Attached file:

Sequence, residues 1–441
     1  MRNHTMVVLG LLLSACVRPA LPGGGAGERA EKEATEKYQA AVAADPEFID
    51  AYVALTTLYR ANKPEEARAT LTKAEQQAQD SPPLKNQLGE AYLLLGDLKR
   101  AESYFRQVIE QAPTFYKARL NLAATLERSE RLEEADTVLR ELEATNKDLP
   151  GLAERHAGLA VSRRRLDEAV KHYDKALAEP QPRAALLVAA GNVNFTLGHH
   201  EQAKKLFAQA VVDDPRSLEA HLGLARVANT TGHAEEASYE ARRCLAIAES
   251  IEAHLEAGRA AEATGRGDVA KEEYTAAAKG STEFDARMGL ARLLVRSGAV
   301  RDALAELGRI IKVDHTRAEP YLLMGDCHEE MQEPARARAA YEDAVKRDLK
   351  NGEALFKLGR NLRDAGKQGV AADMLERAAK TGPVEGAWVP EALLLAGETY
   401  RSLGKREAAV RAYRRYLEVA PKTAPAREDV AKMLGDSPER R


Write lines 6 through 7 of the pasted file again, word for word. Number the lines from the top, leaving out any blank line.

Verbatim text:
   201  EQAKKLFAQA VVDDPRSLEA HLGLARVANT TGHAEEASYE ARRCLAIAES
   251  IEAHLEAGRA AEATGRGDVA KEEYTAAAKG STEFDARMGL ARLLVRSGAV